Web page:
“This meditation is normally done in a sitting position, either on the floor or a chair, and
begins by sensing into the support you have from the chair or the cushion, paying attention to
the actual sensations of contact. Finding a position of stability and poise, upper body
balanced over your hips and shoulders in a comfortable but alert posture, hands on your lap
or your knees, arms hanging by their own weight, like heavy curtains, stable and relaxed.
Actually sensing into your body, feeling your feet… legs… hips… lower and upper body…
arms… shoulders… neck… head…
And when you are ready, allowing your eyes to close, bringing awareness to breath, the
actual physical sensations, feeling each breath as it comes in and goes out… letting the breath
be just as it is, without trying to change or regulate it in any way… allowing it to flow easily
and naturally, with its own rhythm and pace, knowing you are breathing perfectly well right
now, nothing for you to do…
Allowing the body to be still and sitting with a sense of dignity, a sense of resolve, a
sense of being complete, whole, in this very moment, with your posture reflecting this sense
of wholeness… (long pause)
As you sit here, letting an image form in your mind’s eye, of the most magnificent or
beautiful mountain you know or have seen or can imagine…, letting it gradually come into
greater focus… and even if it doesn’t come as a visual image, allowing the sense of this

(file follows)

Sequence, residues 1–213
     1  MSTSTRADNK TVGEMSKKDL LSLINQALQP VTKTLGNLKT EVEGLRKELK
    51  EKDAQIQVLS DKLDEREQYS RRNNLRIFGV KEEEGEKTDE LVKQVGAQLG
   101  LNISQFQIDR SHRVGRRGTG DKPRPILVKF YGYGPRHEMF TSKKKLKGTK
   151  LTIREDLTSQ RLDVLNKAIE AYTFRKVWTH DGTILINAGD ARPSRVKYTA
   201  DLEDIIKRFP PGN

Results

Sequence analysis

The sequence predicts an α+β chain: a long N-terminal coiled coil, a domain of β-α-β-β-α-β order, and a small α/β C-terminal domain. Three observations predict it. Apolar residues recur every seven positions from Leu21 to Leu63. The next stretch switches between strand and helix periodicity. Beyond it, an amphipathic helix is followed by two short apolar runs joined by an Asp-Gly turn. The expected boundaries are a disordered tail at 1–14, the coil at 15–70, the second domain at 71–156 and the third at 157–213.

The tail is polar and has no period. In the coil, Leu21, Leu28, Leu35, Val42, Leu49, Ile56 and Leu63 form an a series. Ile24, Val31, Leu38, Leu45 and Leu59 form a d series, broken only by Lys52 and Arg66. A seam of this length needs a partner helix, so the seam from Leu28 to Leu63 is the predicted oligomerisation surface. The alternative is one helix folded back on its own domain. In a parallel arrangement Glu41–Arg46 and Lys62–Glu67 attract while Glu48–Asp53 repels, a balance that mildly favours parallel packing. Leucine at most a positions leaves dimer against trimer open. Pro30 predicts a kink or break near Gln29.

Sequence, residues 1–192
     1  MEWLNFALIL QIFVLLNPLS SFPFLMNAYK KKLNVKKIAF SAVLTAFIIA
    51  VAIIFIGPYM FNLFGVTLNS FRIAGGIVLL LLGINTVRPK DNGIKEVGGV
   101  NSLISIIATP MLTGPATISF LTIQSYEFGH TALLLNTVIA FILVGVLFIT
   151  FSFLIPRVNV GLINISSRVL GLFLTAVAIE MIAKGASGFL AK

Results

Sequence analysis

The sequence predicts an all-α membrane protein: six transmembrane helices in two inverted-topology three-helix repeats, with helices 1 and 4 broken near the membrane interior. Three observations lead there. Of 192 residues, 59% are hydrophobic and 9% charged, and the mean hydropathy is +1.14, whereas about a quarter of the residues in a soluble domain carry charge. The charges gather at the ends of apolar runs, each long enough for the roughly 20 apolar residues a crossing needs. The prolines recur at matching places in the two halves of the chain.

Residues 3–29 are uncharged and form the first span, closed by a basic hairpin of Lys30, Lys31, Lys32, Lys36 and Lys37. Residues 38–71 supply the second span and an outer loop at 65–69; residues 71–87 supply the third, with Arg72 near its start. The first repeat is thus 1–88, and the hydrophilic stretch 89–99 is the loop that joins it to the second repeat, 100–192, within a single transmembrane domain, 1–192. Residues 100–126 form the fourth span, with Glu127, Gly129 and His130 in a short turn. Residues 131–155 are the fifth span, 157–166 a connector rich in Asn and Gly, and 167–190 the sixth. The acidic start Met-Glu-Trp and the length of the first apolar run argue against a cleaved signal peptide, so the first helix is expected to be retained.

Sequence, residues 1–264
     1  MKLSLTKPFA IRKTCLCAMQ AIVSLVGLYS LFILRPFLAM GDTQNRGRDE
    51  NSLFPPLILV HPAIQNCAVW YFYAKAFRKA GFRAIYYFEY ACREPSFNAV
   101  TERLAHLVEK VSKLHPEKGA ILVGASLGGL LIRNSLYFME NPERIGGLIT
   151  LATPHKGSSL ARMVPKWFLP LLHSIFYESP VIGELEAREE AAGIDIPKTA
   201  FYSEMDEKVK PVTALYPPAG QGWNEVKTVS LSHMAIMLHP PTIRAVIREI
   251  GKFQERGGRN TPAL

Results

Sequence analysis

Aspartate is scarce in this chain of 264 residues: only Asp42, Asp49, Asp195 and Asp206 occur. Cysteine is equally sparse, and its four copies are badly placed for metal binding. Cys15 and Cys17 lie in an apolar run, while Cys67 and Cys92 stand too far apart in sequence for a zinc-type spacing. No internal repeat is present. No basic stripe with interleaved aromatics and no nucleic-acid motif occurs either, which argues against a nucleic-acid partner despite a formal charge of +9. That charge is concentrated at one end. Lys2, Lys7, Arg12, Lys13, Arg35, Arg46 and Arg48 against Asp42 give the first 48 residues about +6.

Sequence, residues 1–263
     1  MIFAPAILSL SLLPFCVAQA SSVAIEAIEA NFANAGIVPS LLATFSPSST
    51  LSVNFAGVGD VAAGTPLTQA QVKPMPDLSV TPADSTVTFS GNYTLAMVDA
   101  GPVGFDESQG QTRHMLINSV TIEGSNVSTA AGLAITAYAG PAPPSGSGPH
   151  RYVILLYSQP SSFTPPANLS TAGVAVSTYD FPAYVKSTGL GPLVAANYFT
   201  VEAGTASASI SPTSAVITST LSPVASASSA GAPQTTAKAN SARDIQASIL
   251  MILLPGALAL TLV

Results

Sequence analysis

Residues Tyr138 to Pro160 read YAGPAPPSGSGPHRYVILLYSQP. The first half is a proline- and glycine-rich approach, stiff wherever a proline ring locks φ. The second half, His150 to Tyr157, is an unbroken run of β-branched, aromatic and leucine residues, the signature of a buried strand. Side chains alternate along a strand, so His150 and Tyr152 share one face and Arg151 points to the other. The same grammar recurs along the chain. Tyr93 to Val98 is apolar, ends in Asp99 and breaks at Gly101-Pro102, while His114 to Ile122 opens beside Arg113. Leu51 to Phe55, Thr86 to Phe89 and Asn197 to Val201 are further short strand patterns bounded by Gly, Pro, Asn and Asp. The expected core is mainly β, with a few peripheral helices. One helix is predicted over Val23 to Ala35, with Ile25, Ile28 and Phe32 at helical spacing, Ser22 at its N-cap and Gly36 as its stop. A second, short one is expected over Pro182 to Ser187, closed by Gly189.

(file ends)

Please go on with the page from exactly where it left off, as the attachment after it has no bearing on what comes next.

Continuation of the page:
mountain and feeling its overall shape, its lofty peak or peaks high in the sky, the large base
rooted in the bedrock of the earth’s crust, it’s steep or gently sloping sides…
Noticing how massive it is, how solid, how unmoving, how beautiful, whether from a far
or up close…(pause)
Perhaps your mountain has snow blanketing its top and trees reaching down to the base,
or rugged granite sides… there may be streams and waterfalls cascading down the slopes…
there may be one peak or a series of peaks, or with meadows and high lakes…
Observing it, noting its qualities and when you feel ready, seeing if you can bring the
mountain into your own body sitting here so that your body and the mountain in your mind’s
eye become one so that as you sit here, you share in the massiveness and the stillness and
majesty of the mountain, you become the mountain.
Grounded in the sitting posture, your head becomes the lofty peak, supported by the rest
of the body and affording a panoramic view. Your shoulders and arms the sides of the
mountain. Your buttocks and legs the solid base, rooted to your cushion or your chair,
experiencing in your body a sense of uplift from deep within your pelvis and spine.
With each breath, as you continue sitting, becoming a little more a breathing mountain,
alive and vital, yet unwavering in your inner stillness, completely what you are, beyond
words and thought, a centered, grounded, unmoving presence…
As you sit here, becoming aware of the fact that as the sun travels across the sky, the light
and shadows and colors are changing virtually moment by moment in the mountain’s
stillness, and the surface teems with life and activity… streams, melting snow, waterfalls,
plants and wildlife. As the mountain sits, seeing and feeling how night follows day and day follows night.
The bright warming sun, followed by the cool night sky studded with stars, and the gradual
dawning of a new day…
Through it all, the mountain just sits, experiencing change in each moment, constantly
changing, yet always just being itself. It remains still as the seasons flow into one another